Mihail Călin: The impact of the refugee crisis on European health systems


This year, those participants at the European Health Forum Gastein who were not too busy moving from one session to another, too eager to rub shoulders with top level speakers, or too absorbed in the beautiful landscape, could witness a new reality: refugees had arrived in Bad Hofgastein. There are 55 of them, 25 of which came during the current crisis—most from Syria, some from Afghanistan, Iraq, Libya, and Somalia, Mayor Friedrich Zettinig tells me. Although they can’t work until their status is settled, he says they do receive medical care when needed, can take German language classes, and have appropriate shelter for the coming winter. As far as I could tell from seeing them briefly on the streets of the mountain resort, they seemed relaxed and well cared for.

These are the lucky ones. In the main hall of the forum, an official from the Maltese ministry of health told the plenary that a ship with 200 people had just capsized in the Mediterranean. Meinie Nicolai from Medecins Sans Frontieres (MSF) reminded us that at least 2,900 have died at sea this year, while a further 16,000 have been saved by the organization. Besides rescue operations, MSF has provided about 23,000 medical consultations to migrants in the Balkans, most of which were for injuries. The main problems for refugees arriving in Italy were scabies, respiratory and gastrointestinal disorders, and post traumatic stress.

Helmut Brand, the president of the forum, explained to me that the refugee crisis was on the agenda this year because of concerns about its impact on the European healthcare systems. The other big topic was the financially sustainable access to a growing number of new and costly medicines, such as those for hepatitis C or cancer; this says a lot about just how great fears raised by hundreds of thousands of people knocking on Europe’s doors really are. Various speakers have tried to banish concerns: migrants do not bring with them diseases that aren’t already in Europe; the so-called healthy migrant effect means that most of them will not need medical care in destination countries; moreover, a recent report has concluded that granting irregular migrants access to healthcare is more profitable than denying it in the long run.

As you would expect in a place so attached to European ideals, many have called for solidarity between all Member States in front of a crisis that has so far only affected those at the periphery. Eastern European governments opposed to the redeployment of 120,000 asylum seekers were put against the thousands of Europeans who have offered to shelter migrants and against countries like Jordan, Lebanon, and Turkey, where millions of people have fled conflict. Given the major demographic changes that will soon leave the European health sector alone with a shortage of one million workers, migrants were presented as an opportunity rather than a threat. And the European commissioner for health Andriukaitis argued rather philosophically that, depending on the point of reference, all Europeans are descended from migrants.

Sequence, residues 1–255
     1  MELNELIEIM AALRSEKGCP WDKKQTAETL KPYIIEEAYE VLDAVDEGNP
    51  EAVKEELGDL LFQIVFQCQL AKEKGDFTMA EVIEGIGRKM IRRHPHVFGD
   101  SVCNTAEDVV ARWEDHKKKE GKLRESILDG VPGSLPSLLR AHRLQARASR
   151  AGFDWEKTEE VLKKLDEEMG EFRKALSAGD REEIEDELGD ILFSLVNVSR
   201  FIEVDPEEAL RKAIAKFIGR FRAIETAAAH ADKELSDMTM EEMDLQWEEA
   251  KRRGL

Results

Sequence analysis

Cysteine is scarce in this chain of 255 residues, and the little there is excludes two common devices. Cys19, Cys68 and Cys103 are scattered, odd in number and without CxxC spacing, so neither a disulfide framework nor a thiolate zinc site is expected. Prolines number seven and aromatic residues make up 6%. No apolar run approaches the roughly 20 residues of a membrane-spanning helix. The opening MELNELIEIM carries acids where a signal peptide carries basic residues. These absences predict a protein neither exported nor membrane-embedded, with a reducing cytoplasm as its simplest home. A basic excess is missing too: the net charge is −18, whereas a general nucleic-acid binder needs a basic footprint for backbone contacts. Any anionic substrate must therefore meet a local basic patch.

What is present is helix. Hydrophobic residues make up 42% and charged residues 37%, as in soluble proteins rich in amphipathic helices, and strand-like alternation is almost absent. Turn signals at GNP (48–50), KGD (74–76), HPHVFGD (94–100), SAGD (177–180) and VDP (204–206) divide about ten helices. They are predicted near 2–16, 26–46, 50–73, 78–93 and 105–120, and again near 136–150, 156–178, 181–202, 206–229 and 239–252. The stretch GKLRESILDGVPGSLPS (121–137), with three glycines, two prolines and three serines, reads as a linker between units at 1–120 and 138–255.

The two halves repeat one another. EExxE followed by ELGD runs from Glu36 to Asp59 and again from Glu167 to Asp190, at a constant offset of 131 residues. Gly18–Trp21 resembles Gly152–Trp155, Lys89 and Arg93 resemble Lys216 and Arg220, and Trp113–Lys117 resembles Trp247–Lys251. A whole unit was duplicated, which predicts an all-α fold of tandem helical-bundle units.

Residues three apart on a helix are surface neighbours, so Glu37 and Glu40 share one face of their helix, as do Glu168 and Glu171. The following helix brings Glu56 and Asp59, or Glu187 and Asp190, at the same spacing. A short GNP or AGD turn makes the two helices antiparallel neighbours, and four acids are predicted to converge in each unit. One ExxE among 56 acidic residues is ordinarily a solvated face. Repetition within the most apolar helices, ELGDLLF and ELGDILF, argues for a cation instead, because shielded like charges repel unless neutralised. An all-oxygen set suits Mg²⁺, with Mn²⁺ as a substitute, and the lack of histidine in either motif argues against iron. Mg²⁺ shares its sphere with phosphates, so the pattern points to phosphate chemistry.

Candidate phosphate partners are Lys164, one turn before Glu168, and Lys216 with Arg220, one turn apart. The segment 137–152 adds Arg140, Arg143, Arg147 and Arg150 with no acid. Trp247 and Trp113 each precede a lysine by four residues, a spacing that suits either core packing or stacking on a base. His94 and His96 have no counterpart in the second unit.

But current realities seem to contradict the mobilizing words spoken in conference rooms in Gastein. According to a recent Eurobarometer survey, immigration is seen by citizens as the main issue facing Europe, ahead of the economic situation and unemployment; moreover, 56% of Europeans have negative feelings towards migration from outside the bloc—we may all have been migrants at one point, but most of us don’t seem to identify with those coming from a very different cultural space. Even in Austria, which was praised for its attitude towards migrants, a populist right-wing party has dramatically increased its share of the votes in recent elections, thanks to the refugee crisis. And the MSF representative showed that in spite of its values, it’s actually Europe that is endangering the health of those so desperate to reach it, by closing its borders and denying them proper reception (which is regarded as a pull factor). People will soon die of cold in Central Europe, Nicolai warned.

It hasn’t been long since the financial and economic crisis almost unraveled the Eurozone and caused a Grexit. Now it’s the refugee situation, which was seen by some speakers at Gastein not as a temporary crisis, but as a key feature of the 21st century, that is putting the European Union again to the test; it has already suspended one of its biggest achievements, the Schengen area. But ironically, a solution to political disputes between Eastern and Western Member States might be reached thanks to other issues on the horizon: for instance, the other major topic at this year’s Forum—access to expensive drugs. In the words of Professor Brand: if no common solutions for migrants can be agreed, how can poorer member states expect to call for such solutions to access products that they can’t afford on their own? The refugee crisis might eventually be solved not by appealing to abstract, forgotten principles, but because of the spectre of even bigger threats.

Mihail Călin, MD, is a Romanian health and medical journalist.

Competing interests: I declare that I have read and understood BMJ policy on declaration of interests and I have no relevant interests to declare.

You can follow him on Twitter @MihCalin